After reading:
I don't know about you, but I like my time-travel reading to contain lots of interesting historical details, along with anthropological, cultural, and sociological details and speculations about what life was actually like for our ancestors. (Like Gabaldon, Turtledove, Jodi Taylor, L'engle, Suzanne Frank, etc.)

While I enjoyed the first part of this book (the set up), once the time traveling actually began, I was pretty much bored stiff. In this book, time travel is only a plot device and the over a year of hopping around in time is just left almost entirely undescribed and vaguely hinted at. The big ending left me pretty much unexcited, so I was left with a pretty meh reading reaction.

First part of book, 4 stars. Last part, 2.

I'm interested in other readers opinions, as I feel guiltily like I'm being hard on a first-published author, for what for me was a book I was really excited about initially. Feel free to comment. I'd like to know what others think.

I want to send this book back for revision, because I think it has the potential to be spectacular if it could just figure out what it wants to be when it grows up! Either dump the time travel entirely or flesh it out into something worthwhile, clean up all those loose ends and red herrings that don't go anywhere, and, please, for goodness sake, do something (flesh them out enough) to make us care more about these characters and the consequences of their supposedly epic choices!

Entirely unsolicited reader advisory: If you'd like more of this kind of thing, you should look into the authors mentioned earlier. But for YA readers, please get your hands on some Diana Wynne-Jones! Try Eight Days of Luke or The Homeward Bounders, if you want something somewhat like this.
Profile Image for All Things Urban Fantasy.
1,921 reviews611 followers
January 26, 2018
The promise of time travel shenanigans drew me to WEAVE A CIRCLE ROUND. When done right, time travel can be immensely fun and mind-bending. I was intrigued and excited to find out how Freddy had arrived thousands of years in the past and what the consequences would be.

I immediately empathized with Freddy. She might have rough edges, but those rough edges are understandable. She doesn't fit in, and she's tried hard not to draw too much attention to that fact. Her parents are absent (unrealistically so, but convenient for the plot). She doesn't get along with her step-brother. But beneath all that, she desperately desires to be understood and to be in control of her emotions.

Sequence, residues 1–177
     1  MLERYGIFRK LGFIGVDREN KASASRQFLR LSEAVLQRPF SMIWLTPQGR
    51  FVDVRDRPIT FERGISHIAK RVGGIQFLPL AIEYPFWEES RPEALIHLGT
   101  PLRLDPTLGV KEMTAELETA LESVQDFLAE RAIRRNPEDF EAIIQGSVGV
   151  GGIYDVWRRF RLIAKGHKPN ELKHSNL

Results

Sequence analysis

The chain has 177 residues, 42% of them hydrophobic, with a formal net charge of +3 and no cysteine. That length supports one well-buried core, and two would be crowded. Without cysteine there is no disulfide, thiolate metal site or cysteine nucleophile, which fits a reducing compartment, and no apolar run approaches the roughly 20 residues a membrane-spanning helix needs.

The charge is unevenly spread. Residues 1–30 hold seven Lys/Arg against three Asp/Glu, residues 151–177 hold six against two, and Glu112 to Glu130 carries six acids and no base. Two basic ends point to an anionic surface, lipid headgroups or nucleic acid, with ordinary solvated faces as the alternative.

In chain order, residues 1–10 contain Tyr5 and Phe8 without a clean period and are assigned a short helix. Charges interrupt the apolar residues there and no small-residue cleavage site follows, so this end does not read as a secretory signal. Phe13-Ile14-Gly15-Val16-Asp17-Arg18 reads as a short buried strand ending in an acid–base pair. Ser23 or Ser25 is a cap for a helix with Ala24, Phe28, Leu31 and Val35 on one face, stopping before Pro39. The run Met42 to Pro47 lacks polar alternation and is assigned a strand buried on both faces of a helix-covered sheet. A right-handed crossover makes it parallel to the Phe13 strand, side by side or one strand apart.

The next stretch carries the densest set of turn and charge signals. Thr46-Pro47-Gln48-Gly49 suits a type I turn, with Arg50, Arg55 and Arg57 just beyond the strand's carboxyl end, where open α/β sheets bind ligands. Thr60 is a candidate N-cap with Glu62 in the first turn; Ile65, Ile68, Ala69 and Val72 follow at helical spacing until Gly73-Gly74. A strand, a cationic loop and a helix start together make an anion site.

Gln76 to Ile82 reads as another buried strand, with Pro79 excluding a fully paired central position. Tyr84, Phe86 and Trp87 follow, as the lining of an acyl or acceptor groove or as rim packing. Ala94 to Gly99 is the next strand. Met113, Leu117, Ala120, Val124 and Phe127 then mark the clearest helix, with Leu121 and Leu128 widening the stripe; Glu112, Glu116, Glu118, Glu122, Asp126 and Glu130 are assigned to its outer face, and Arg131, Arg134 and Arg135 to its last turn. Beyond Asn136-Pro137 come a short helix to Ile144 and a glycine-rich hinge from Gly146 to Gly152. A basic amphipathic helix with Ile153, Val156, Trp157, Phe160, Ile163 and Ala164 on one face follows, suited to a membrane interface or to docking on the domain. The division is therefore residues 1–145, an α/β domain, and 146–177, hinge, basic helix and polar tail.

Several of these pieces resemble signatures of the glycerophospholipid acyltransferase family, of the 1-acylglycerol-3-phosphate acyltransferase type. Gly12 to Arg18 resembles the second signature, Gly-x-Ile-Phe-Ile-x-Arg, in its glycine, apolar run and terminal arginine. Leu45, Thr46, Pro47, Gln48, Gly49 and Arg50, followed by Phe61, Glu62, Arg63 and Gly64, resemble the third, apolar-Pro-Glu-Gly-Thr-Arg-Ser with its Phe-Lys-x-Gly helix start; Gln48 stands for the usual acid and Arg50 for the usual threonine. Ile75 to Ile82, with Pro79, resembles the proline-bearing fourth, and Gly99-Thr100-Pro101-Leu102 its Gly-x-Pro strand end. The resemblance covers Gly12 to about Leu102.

Review Courtesy of All Things Urban Fantasy

It was around the sixth chapter that WEAVE A CIRCLE ROUND jumped the shark. I was completely digging the promise of time travel, even if it took awhile to build up to it. However, WEAVE A CIRCLE ROUND adds another layer of the bizarre in an effort to provide some reasoning for the impossibility of it all.

Ultimately, I continued reading because of Freddy. I wanted her to grow as a character, but she continued to be largely passive. The time travel happens to her. She meanders along with the plot. Josiah becomes her friend because he won't leave her alone. And fairly quickly, Josiah and Cuerva's over-the-top quirkiness began to annoy me. I wanted the time travel to happen, but once it did, I was disappointed that it largely occurred as a training montage, allowing Freddy to grow, while never providing her with the urgency to return home.

Sexual Content: None
Profile Image for Lea (drumsofautumn).
618 reviews623 followers
Shelved as 'dnf'
January 19, 2018
DNF at 22%. Guys, life is too short to try and push yourself through a book you're not enjoying, even if it's an ARC. Nothing happened in this first quarter and I know that things are about to happen but I'm finding this so UNintriguing to read. I wanted this to be an exciting weird but it's just a messy kind of weird and I'm not into that.
Profile Image for Alicia.
3,122 reviews35 followers
November 24, 2017